"Quel beaulieu !" exclaimed the woman---what a beautiful place.
The year was 1900, and the woman was Fernande de Latour. Given the fact that she was looking at the Rutherford Bench, rather than the Promised Land, she might be accused of exaggeration. Still, her enthusiasm was contagious to her husband, Georges. The couple bought the property and named it Beaulieu Vineyard.
Though Georges de Latour was not a famous winemaker, he was well-acquainted with vineyard science. He knew exactly what the Napa had to do to combat the epidemic of phylloxera that was sweeping the valley at the time. He imported phylloxera-resistant rootstock from France, sold it to his American counterparts, and became a wealthy man.
Beaulieu Vineyard also florished, becoming one of the best-known Cabernet producers in California. It also had the good fortune not only to survive prohibition, but actually to prosper. BV was one of the wineries that received a national contract to supply sacremental wine to churches. A lot of people got religion during Prohibition, and by 1923 Latour was able to buy an old stone winery across the road. After Repeal, he was well-situated to make a fortune; unlike many of his neighbors, who had uprooted their Cabernet and planted coarser varieties to make concentrate for shipment back East, Latour had some of the best and oldest vines in the state.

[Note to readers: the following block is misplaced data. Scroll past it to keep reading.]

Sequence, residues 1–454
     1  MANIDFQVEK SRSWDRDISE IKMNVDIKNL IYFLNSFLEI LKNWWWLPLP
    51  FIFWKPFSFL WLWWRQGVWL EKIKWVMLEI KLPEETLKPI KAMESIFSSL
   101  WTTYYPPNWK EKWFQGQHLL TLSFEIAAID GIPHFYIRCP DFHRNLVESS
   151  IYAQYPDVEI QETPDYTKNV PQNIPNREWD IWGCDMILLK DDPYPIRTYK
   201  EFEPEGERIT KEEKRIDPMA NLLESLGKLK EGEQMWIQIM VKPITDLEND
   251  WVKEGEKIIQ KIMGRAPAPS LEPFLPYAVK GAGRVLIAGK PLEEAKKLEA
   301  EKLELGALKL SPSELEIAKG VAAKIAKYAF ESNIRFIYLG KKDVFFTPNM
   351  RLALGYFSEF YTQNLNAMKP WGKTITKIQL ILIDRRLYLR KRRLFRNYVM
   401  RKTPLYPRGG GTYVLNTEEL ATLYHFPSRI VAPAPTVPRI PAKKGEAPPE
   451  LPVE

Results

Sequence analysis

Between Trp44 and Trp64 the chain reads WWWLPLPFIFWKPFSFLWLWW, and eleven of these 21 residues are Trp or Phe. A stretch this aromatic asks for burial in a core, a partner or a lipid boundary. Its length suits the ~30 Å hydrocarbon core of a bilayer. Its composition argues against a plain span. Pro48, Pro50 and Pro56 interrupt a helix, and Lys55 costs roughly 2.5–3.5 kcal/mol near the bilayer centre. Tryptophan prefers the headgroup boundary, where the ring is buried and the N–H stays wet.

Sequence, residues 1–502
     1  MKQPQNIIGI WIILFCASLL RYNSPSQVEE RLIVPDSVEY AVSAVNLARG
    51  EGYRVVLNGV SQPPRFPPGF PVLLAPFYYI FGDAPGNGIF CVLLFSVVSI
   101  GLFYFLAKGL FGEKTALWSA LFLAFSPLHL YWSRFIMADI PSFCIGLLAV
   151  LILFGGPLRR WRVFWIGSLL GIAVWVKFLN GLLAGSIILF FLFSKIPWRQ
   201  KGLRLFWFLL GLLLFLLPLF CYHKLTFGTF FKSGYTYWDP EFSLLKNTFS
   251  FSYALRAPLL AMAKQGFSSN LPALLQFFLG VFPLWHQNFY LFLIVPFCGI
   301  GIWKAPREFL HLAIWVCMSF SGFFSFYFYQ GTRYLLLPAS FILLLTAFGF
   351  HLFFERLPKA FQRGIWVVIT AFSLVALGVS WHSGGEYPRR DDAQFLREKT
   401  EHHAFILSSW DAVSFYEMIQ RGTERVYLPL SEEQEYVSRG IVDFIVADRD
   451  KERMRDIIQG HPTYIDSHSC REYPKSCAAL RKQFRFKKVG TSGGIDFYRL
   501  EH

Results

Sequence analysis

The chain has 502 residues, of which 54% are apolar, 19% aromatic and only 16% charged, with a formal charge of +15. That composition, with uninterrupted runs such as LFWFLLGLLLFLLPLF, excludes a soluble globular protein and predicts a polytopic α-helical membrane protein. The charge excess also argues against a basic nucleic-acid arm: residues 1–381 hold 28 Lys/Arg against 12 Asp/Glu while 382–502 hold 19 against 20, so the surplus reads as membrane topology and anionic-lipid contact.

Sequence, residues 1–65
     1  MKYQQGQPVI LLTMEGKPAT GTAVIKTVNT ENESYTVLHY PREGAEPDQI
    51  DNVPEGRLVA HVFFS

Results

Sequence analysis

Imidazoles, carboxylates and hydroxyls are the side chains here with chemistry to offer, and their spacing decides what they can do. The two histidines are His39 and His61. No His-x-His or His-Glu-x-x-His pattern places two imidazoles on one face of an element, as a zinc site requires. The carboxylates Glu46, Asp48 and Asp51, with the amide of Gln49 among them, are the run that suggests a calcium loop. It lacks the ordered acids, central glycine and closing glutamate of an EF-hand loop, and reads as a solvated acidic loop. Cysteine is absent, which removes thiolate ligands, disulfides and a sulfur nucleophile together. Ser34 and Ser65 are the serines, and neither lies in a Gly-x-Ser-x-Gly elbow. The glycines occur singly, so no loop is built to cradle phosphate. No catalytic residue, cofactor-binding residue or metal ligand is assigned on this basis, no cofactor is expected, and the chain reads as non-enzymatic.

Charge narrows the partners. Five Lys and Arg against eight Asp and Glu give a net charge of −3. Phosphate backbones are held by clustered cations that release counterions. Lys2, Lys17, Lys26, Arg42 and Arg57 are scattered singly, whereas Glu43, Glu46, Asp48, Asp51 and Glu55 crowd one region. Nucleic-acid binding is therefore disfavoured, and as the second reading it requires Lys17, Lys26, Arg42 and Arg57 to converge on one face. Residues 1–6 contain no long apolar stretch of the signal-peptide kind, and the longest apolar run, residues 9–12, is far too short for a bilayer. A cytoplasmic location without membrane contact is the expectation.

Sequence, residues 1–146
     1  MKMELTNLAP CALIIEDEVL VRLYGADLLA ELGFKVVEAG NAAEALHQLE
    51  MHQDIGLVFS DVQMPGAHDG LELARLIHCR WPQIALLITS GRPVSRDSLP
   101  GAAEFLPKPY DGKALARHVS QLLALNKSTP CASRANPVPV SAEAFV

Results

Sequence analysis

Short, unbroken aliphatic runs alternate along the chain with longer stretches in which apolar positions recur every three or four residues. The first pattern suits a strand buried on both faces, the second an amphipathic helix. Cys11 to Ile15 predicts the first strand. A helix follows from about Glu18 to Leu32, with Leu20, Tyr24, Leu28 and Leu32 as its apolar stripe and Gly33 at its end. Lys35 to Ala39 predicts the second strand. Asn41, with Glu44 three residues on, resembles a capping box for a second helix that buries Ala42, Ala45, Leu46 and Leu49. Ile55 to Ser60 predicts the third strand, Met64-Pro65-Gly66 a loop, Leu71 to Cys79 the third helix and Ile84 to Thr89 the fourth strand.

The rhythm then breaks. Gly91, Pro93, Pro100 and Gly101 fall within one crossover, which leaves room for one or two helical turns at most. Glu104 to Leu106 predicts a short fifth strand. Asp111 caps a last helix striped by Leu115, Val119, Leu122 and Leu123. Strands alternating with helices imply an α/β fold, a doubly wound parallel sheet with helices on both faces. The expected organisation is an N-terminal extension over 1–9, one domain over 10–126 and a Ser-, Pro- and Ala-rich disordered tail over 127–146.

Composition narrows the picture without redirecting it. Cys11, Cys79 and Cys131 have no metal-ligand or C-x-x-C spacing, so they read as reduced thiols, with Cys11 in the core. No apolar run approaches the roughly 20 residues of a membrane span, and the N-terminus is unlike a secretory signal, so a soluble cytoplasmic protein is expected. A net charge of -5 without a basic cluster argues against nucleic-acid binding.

By the 1930s, it became obvious to Latour that he needed a world-class winemaker to take over at BV. He made a pilgrimage back to France, in search of the right individual to carry on his dream. The person he found was André Tchelistcheff, a Russian refugee working for the French Institute of Agriculture. Tchelistcheff arrived in California in September of 1938. Before he could make his first vintage of Beaulieu Vineyard Cabernet, however, Georges de Latour died, and André decided to name the wine after him. As decades passed and BV expanded, the Georges de Latour bottling remained the winery's flagship Cabernet Sauvignon.
Jeff Stambor is currently BV's winemaker for Bordeaux varietals, which means he makes Georges de Latour Private Reserve Cabernet, and thus gets to compete not only with the memory of Tchelistcheff (known locally as "the Maestro") but with others who have worked at the winery (guys like Joe Heitz, Robert Mondavi and Mike Grgich). He handles this assignment with seeming ease. Originally from Ohio, Stambor moved to California in the 1970s, fell in love with wine, and began a journey which took him to Argentina and the Cotes de Castillon before coming back to join BV in 1989. He had the opportunity to work alongside Tchelistcheff for several years, and told me that the proudest moment of his career was when the Maestro referred to him, in conversation, as "a colleague."
BV Georges de Latour Private Reserve Cabernet is a unique wine in many respects. Though 100% Cabernet, it drinks like a blend, which of course it is---a mix of Cabernet grapes from many of BV's best vineyard parcels. Though quintessentially California in style, it also has the elegance and grace of Classified Growth Bordeaux. The wine has demonstrated extraordinary ability to age, and though it has evolved and changed, it has also been stylistically consistent for many decades.